The age-old question of ‘which deep learning framework to use’ has now changed. Developers are now asking ‘PyTorch vs TensorFlow: Which one out of the two should I use?’ While TensorFlow has been around for a long time, PyTorch is like the new kid on the block which has slowly and steadily built its base. The below graph by Gradient clearly shows how the popularity of PyTorch suddenly spiked between 2018 and 2019 as compared to TensorFlow and it is still continuing.

Source: Gradient

But does being popular mean PyTorch is the right framework for your project? When it comes to choosing between PyTorch and Tensorflow, you should first understand their basics, identify the main differences, and then align them with your project requirements to see which one fits your needs the best.

PyTorch vs TensorFlow: Understanding the Difference

Before we deep dive into understanding the differences between PyTorch and TensorFlow. Let’s first understand each framework individually.

What is PyTorch?

Developed by Facebook, PyTorch is an open-source machine learning library that has gained popularity in the last few years because of its ease of use, simplicity, efficient memory usage, and computational graphs. Since PyTorch is imperative, all computations run immediately on it. That means users don’t need to wait till they write the full code before checking if a section of code works correctly or not. You can run small pieces of code and PyTorch can inspect them in real-time.

Some of the top PyTorch examples include projects like: 

  • Horizon: An applied reinforced learning platform
  • Pyro: A probabilistic programming language which runs on a PyTorch backend and it is written in Python
  • CheXNet: A project by Stanford ML group which uses deep learning and PyTorch to detect radiologist level pneumonia in patient’s chest X-rays.

What is TensorFlow?

Developed and released by Google in 2015, TensorFlow is an open-source machine learning library. While it was originally developed for big numerical computations; it has also proved to be incredibly useful for deep learning developments. It can build and train machine learning models, which makes it a great option for easy debugging and quick model iteration. There are also numerous TensorFlow tutorials which are run on Google Colab and written in Jupyter notebooks which you can use to brush your basics (though they may not be beginner-friendly).

Some of the top TensorFlow examples include projects like: 

  • Magenta: Built on TensorFlow, Magenta is an open-source Python library which can create music and art by training machine learning models.
  • Ludwig: It is a toolbox which can directly train deep learning models without writing any code.
  • Sonnet: Powered by TensorFlow, Sonnet helps in creating complex neural networks.

PyTorch vs TensorFlow: Key Differences 

1. PyTorch vs TensorFlow: Computational Graphs

One of the biggest differences between PyTorch and TensorFlow is the way they handle computations graphs. While TensorFlow generates static graphs, PyTorch creates dynamic graphs. That is because, in the case of TensorFlow, the computational graph is generated only after the complete data processing is done. On the contrary, with PyTorch, you can manipulate your graph in real-time because it’s possible to run and inspect the code in real-time. 

2. PyTorch vs TensorFlow: Product Deployment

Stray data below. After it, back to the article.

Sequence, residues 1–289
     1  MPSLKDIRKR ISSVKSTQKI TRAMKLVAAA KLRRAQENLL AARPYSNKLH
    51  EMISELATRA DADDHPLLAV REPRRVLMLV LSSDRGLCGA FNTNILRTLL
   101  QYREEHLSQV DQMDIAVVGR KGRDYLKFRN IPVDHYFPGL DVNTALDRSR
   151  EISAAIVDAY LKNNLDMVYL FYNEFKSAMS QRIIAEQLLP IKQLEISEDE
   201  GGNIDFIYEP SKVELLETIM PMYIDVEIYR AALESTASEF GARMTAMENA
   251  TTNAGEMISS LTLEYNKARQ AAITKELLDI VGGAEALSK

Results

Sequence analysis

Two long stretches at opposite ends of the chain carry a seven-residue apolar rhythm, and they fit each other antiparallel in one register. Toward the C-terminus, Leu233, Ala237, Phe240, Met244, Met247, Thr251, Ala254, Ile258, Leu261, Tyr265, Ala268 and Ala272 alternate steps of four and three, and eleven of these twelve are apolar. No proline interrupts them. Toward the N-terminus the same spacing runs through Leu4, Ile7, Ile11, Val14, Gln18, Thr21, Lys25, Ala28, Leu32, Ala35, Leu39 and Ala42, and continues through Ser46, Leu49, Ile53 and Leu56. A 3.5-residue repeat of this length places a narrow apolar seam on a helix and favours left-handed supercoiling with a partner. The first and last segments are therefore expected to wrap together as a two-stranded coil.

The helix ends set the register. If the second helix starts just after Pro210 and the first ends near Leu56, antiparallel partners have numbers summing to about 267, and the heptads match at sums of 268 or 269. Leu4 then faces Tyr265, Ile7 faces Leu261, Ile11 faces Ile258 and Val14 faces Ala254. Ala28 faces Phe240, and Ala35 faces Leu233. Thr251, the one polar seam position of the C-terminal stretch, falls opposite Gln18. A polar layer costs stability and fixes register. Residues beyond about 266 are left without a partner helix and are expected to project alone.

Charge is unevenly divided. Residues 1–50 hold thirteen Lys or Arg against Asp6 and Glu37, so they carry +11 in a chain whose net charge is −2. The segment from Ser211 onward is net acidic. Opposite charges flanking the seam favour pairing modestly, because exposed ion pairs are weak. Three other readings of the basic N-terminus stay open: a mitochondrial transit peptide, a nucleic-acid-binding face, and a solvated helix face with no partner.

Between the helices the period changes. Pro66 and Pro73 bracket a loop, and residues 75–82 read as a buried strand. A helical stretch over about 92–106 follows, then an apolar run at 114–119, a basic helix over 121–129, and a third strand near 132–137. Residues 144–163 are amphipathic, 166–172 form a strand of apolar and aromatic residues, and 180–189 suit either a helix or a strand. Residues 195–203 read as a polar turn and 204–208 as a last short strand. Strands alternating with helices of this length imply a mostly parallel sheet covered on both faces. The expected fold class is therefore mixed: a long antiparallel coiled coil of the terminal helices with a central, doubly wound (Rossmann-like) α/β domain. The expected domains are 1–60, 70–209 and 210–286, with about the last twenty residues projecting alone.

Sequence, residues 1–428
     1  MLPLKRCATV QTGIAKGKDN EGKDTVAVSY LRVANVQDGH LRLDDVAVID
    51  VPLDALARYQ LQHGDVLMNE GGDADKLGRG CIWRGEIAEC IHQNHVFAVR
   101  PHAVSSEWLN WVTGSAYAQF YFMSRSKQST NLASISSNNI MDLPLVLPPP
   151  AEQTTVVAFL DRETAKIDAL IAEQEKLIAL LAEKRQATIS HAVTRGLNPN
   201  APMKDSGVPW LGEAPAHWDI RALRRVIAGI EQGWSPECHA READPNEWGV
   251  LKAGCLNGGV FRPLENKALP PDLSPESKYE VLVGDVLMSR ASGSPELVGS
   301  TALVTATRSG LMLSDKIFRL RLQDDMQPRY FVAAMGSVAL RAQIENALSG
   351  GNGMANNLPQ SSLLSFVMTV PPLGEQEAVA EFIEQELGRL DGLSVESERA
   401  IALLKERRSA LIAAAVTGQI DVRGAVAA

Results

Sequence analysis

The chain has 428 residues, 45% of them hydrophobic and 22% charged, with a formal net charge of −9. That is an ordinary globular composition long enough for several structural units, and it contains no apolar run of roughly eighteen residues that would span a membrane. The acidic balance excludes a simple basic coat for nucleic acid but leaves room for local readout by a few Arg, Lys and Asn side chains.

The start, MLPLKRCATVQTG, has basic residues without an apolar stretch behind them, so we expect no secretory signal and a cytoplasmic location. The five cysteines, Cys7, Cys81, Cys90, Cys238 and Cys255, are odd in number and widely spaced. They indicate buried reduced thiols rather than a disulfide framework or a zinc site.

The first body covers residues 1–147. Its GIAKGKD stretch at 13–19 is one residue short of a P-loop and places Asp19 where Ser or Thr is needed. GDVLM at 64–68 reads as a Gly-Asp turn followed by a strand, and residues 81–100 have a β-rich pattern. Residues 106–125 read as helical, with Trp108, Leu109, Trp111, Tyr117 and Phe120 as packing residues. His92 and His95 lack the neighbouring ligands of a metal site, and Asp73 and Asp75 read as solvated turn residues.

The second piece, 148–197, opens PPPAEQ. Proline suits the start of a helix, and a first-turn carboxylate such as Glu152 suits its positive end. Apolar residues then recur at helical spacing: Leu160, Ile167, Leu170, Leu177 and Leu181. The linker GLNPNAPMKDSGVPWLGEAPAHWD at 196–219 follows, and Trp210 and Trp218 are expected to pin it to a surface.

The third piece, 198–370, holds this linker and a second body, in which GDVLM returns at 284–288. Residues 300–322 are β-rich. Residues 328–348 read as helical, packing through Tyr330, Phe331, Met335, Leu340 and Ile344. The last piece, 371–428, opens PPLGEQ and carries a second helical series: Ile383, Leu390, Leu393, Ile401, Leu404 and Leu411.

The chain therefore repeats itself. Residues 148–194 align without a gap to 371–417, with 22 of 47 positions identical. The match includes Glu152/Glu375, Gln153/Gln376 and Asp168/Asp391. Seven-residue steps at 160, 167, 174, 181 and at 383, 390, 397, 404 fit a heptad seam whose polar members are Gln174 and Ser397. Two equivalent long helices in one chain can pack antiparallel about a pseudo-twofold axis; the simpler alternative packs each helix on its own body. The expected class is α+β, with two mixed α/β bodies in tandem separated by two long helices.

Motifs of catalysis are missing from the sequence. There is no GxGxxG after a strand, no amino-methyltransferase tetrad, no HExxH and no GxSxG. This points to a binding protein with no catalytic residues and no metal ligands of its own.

With TensorFlow, you can directly deploy a trained model to production using its REST Client API which makes the entire process incredibly easy. 

While with PyTorch, product deployments have definitely become easier than before with the newest 1.0 stable version, there is still no framework that you can use to deploy models directly, like TensorFlow. You would either have to use Django or Flask as the backend server for the deployment.

3. PyTorch vs TensorFlow: Visualisation 

When it comes to visualisation, TensorFlow offers TensorBoard which helps in quickly visualising machine learning models and spot any errors easily. Apart from generating computational graphs, it also helps in observing the behaviour of training parameters over a specific period of time, which in turn helps with debugging. 

PyTorch, on the other hand, doesn’t offer a native visualisation feature on its own. Instead, it has a graph visualisation package called Visdom which is limited and rather minimalist. More importantly, it doesn’t offer the same kind of versatility that TensorBoard does. There is also a PyTorch tutorial on the official website which can help you integrate PyTorch with TensorBoard, but even that isn’t as effective as using TensorBoard directly.

4. PyTorch vs TensorFlow: Device Management 

Users don’t need to define anything for different devices in the case of TensorFlow since all the default settings are pre-set. It will automatically assume that the user wants to be on the GPU if there is a GPU available. Though it also means that even if one GPU is already in use, it will consume the memory of all the available GPUs. In the case of PyTorch, you would have to move all the data onto the device to run on that particular device.

TensorFlow is a more mature machine learning library with powerful visualisation capabilities and options for high-level model development. On the other hand, PyTorch is a rather new library with a very active and strong community and it is also more Python friendly. While it is best to use PyTorch for research-related projects because of its incredibly fast and dynamic training, you should go for TensorFlow if you want to work on AI-related projects.

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